When you hear a great song you might assume that lots of money went into producing it, but that’s not always the case.
With a small amount of home studio-friendly audio gear, plenty of musicians are creating music that finds lots of listeners.
One inexpensive and easy-to-use piece of gear is the pop filter. It’s a proven way to make a massive difference in the sound of your vocal tracks.
Pop filters are noise protection filters for microphones.
In this guide, you’ll learn everything you need to know about pop filters and how to use them. Let’s get started!
What is a pop filter?
Pop filters are noise protection filters for microphones. They attach the mic stands and sit between the microphone and vocalist.
While many pieces of recording equipment are highly complex and expensive. Pop filters are very simple, but they’re absolutely essential for recording professional vocals.
Why should you use a pop filter?
You should always record vocals with a pop filter because it’s the easiest way to filter out unwanted sounds. Pop filters are an essential part of the standard setup for vocal tracking, and your recordings won’t sound their absolute best without one.
Pop filters keep pesky plosive sounds from showing up in your vocal takes. Plosive sound can be difficult and even impossible to remove through editing.
Without a pop filter, vocals starting with “p” and “t” and other sounds can produce loud plosives that are hard to get rid of.
That means getting in the habit of recording with a pop filter will save you from lots of headaches during mixing and production.
What are plosives?
Plosives are explosive sounds created by the rapid release of air. Without a pop filter, vocals starting with “p” and “t” and other sounds can produce loud plosives that are hard to get rid of.
Since it’s not logical or possible for singers to do their thing without creating plosives, every vocal setup needs a pop filter.
This applies for any genre whether you’re tracking rap vocals or a sensual pop ballad.
There’s no rule saying you have to use a pop filter to track vocals. But not using one could produce unpleasant sounds that distract from your music.
How to choose a pop filter
Pop filters can range anywhere from $15 to over $100, and they’re all designed to do the exact same thing. But it’s important to note that the cheapest ones tear easily and can be difficult to attach to your mic stand.
The Nady MPF-6 6-Inch is one of the world’s most popular pop filters. It’s affordable but is known to hold up well in recording settings.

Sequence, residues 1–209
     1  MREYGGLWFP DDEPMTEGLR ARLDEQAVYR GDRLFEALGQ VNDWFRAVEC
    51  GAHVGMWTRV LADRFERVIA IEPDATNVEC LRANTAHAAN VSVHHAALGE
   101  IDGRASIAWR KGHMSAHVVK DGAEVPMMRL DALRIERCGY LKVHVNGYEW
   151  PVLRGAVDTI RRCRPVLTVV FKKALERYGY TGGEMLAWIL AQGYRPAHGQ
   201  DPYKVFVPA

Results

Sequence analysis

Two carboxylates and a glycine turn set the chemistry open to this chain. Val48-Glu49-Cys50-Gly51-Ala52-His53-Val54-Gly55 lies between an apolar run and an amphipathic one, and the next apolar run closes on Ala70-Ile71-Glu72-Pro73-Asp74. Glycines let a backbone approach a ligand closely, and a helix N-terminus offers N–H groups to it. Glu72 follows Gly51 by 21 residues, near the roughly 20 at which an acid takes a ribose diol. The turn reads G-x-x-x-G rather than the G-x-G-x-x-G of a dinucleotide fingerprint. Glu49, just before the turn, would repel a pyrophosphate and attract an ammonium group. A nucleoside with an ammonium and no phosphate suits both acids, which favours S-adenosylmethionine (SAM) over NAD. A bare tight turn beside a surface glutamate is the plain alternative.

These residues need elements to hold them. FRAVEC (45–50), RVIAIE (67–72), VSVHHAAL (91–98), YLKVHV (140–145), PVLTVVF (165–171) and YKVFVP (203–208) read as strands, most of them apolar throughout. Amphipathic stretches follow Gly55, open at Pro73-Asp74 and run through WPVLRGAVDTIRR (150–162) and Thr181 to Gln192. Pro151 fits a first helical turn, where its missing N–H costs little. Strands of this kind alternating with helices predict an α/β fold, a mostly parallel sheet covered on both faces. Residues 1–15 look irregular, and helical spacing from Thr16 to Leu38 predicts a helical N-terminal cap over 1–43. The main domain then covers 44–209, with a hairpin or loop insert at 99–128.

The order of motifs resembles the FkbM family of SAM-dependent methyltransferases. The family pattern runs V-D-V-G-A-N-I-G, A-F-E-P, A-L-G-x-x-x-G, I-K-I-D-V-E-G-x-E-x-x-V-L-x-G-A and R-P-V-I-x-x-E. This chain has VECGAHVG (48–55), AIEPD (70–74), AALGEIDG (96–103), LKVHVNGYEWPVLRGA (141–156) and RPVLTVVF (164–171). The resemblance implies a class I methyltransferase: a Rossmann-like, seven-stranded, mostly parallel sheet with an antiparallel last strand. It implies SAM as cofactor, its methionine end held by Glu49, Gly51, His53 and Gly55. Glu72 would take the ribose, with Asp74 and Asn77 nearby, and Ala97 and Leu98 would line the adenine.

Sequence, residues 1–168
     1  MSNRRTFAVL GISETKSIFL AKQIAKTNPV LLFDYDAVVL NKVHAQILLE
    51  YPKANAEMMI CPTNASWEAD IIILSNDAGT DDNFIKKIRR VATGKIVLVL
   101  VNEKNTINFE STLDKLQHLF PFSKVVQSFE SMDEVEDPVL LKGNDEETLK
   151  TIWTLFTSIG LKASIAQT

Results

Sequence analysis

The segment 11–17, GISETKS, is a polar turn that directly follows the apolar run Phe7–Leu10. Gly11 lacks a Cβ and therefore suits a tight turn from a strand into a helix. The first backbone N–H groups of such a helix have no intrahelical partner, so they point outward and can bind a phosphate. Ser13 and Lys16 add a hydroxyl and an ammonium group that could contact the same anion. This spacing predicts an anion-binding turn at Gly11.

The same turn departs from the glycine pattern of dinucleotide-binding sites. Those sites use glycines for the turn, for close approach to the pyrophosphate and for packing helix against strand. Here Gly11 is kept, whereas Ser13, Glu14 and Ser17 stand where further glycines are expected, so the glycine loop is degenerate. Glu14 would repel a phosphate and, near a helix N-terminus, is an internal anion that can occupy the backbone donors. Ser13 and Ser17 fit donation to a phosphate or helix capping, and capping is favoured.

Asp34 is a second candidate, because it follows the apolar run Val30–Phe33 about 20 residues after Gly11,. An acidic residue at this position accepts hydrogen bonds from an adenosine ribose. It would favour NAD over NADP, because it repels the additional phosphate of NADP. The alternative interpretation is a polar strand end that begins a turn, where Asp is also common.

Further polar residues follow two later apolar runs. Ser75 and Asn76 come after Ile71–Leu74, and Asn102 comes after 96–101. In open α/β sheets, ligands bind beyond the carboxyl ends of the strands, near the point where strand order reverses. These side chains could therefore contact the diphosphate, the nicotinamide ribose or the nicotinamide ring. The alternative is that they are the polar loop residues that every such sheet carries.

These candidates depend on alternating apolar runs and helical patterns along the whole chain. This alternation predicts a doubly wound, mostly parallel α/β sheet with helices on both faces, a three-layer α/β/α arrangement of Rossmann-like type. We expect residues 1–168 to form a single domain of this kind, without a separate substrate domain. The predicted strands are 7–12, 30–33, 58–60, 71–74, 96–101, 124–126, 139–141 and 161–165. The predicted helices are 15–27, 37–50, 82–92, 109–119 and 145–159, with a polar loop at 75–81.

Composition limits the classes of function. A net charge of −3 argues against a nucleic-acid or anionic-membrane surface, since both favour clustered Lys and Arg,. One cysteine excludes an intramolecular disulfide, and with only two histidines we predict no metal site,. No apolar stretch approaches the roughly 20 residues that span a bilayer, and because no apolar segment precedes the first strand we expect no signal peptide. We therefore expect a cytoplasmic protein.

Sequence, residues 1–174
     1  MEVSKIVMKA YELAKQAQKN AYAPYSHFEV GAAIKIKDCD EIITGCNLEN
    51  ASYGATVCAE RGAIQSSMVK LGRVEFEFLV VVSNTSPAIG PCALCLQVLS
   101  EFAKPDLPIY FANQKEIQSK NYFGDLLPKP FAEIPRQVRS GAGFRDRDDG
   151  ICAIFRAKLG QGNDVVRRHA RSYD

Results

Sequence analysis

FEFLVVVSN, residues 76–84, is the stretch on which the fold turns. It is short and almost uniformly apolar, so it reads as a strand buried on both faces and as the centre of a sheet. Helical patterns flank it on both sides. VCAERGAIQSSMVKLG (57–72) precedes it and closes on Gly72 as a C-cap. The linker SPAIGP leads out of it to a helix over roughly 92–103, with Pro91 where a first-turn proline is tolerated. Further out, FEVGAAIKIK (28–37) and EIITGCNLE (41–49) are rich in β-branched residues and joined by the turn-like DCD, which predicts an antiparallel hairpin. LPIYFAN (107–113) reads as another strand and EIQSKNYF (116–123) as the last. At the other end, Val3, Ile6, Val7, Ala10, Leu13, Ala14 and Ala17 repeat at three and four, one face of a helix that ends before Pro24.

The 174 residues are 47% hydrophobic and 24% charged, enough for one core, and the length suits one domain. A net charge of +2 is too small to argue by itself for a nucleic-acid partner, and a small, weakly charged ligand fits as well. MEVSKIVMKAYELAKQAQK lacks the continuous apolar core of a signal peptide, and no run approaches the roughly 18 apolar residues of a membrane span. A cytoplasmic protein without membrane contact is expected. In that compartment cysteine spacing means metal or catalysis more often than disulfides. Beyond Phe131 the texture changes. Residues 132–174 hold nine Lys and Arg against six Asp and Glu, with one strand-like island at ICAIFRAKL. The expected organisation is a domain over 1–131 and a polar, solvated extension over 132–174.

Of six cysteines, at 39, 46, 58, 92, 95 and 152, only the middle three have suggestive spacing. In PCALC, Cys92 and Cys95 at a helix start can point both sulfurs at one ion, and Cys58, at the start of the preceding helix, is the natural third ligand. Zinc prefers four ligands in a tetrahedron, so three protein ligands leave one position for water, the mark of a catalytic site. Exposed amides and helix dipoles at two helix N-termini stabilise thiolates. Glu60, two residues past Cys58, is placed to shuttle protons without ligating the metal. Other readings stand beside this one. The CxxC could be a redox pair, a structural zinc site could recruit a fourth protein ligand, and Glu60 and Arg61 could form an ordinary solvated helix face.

For a little bit more money, the On-Stage Stands ASFSS6GB Dual-Screen is built with two screens to ensure that plosives won’t show up on your tracks.
Some pop filters are built with metal screens instead of mesh filters. The Avantone PS-1 PRO-SHIELD is designed to wrap around your microphone and retain high-frequency details that other pop filters remove.
If you’re feeling ambitious, you can build your own pop filter using inexpensive household materials. It takes time and planning to get the materials to do this, but DIY pop filters have some nice perks.
You can build your own pop filter using inexpensive household materials
One of the biggest advantages to building your own is the ability to easily switch out mesh filters when they tear or get dirty. Conventional pop filters aren’t built to do this.
Some microphones come with foam pop filters that slide on and off, like the SHURE SM7B.
However, sound experts recommend removing them and recording with an attachable pop filter to get the best sound quality.
Pop filters are usually cheap enough that you can easily buy another if you don’t like the one you’re using.
Unlike most studio equipment, you can take a trial and error approach with these without destroying your budget.
Positioning your pop filter
You’ll need to position it in a way that feels natural for the vocalist.
Setting up your pop filter isn’t tricky. The biggest thing to remember is that you’ll need to position it in a way that feels natural for the vocalist. This means that placing it far away from the mic is a bad idea.
Before you begin tracking, have the vocalist try a take with the pop filter in place. If they’re too far away from the microphone, make adjustments.
Every vocalist is different, so take a little time to find what works. But if the only vocalist you record is yourself, you won’t have to do this each time you track.
Recording music is a skill that takes lots of practice to master. Everything from mic positioning to preamp settings can be intimidating to think about if you’re just starting out.
Luckily, pop filters are something you won’t have to worry over. By making them a fixed part of your vocal recording setup, you’ll get the best sound every time you track.
Patrick McGuire is a musician, writer, and educator. He creates music under the name Straight White Teeth and has a great affinity for dogs and putting his hands in his pockets.
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